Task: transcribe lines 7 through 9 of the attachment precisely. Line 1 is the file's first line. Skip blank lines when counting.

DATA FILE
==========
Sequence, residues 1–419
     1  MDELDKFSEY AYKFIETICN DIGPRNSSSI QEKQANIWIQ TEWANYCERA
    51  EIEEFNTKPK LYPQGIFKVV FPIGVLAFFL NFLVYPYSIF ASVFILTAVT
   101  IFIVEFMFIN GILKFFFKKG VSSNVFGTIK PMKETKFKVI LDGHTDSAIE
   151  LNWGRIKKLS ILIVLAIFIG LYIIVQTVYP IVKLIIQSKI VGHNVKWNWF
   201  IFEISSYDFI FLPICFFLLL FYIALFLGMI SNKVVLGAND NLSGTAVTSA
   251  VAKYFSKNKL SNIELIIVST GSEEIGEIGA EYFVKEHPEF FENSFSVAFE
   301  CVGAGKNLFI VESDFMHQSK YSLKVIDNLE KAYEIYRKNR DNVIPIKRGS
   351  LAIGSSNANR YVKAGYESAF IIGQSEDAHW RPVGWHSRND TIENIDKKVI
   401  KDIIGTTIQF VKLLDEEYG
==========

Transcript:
   251  VAKYFSKNKL SNIELIIVST GSEEIGEIGA EYFVKEHPEF FENSFSVAFE
   301  CVGAGKNLFI VESDFMHQSK YSLKVIDNLE KAYEIYRKNR DNVIPIKRGS
   351  LAIGSSNANR YVKAGYESAF IIGQSEDAHW RPVGWHSRND TIENIDKKVI